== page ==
Once again, another film in Wes Anderson’s filmography will go down as an instant classic. He’s one of the rare contemporary filmmakers who has such a distinct voice and creative eye, that you can identify one of his films from just a few frames. As always, some of the most refreshing and imaginative touches to his films are the little things going on in the background. This latest fable takes place in an European hotel run by Monsieur Gustave, and follows his budding friendship with new bellhop, Zero. These two characters are wonderful together, and their adventure hiding a priceless painting is sweet, hilarious and unbelievably charming. Ralph Fiennes shines as Monsieur Gustave, especially in the third act when he on a few occasions breaks his usual calm, polite demeanor and shouts out obscenities in frustration. Every single supporting role in The Grand Budapest Hotel, from the inmates at a local prison, to Gustave’s fellow concierges at sister hotels, to the adorable girl who spends her days making pastries, helps elevate this already enchanting film to new heights of brilliance.

  1. SELMA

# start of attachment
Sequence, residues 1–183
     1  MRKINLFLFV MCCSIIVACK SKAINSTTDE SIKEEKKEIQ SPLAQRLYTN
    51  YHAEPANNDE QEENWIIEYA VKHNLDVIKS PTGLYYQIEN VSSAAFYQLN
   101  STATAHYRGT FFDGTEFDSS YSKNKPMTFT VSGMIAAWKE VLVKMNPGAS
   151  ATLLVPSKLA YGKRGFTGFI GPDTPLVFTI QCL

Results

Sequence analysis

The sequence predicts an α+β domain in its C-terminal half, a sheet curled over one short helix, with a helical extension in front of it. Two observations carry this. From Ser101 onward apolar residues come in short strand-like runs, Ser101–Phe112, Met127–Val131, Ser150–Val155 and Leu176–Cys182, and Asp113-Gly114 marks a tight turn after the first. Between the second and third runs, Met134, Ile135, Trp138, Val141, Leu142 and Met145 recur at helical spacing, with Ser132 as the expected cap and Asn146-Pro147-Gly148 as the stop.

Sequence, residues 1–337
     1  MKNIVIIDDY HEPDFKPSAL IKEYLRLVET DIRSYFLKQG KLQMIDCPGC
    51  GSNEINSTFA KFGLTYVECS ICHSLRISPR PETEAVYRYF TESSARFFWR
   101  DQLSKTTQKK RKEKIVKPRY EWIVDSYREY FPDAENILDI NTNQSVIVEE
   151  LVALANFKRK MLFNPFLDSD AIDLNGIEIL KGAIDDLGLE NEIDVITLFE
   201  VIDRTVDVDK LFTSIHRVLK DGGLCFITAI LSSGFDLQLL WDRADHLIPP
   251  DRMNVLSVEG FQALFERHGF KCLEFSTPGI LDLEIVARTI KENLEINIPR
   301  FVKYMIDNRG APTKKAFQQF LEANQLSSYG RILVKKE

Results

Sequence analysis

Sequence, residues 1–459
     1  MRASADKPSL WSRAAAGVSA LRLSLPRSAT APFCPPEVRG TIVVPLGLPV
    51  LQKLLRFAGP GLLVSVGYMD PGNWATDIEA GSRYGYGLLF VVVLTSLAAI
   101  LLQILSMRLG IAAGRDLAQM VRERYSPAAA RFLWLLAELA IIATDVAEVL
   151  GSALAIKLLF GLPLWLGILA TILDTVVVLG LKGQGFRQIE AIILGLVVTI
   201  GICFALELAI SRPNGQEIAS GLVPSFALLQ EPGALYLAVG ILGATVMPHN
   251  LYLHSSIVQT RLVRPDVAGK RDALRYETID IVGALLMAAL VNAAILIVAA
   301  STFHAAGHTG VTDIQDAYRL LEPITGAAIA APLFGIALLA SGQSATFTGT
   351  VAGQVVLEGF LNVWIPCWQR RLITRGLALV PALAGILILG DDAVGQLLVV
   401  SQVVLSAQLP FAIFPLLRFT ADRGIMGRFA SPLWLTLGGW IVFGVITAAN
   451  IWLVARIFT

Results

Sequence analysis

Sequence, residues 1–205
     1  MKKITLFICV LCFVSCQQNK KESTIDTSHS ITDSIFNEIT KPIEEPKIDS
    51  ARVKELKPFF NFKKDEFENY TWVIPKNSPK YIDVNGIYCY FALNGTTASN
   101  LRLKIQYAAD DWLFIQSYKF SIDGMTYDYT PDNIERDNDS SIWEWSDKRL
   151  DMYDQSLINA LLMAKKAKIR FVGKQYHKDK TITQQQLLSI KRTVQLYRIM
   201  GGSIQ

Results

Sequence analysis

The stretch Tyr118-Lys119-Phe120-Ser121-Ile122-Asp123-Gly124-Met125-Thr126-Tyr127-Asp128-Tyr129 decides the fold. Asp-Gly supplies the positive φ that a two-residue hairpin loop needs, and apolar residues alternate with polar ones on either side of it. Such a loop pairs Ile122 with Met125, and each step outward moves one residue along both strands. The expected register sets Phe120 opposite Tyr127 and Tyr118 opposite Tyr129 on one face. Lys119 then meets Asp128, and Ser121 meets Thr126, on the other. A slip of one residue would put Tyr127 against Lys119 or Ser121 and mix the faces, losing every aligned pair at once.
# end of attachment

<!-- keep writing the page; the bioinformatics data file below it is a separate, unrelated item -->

A fascinating chronicle of a three month span in which Dr. Martin Luther King led an equal voting rights movement in the streets of Selma, Alabama, which ultimately led to the signing of the Voting Rights Act of 1965. Sound like an American history lesson? Director, Ava DuVerney delivers so much more than that. Not one true life figure in this movie feels like a caricature, they are all vital, three dimensional characters from George Wallace to President Lyndon B. Johnson to Dr. King himself. As the moviegoer, you feel as if you are eavesdropping on closed doors meetings and private discussions, getting to know these character’s motivations, their flaws and their inner turmoil. DuVerney takes us straight into the heart of south, showing the beauty of the landscapes and its people, but also doesn’t shy away from the horrors. Selma is an engrossing and significant film, which I didn’t realize had such an impact on me until the closing credits when there were tears spilling down my face.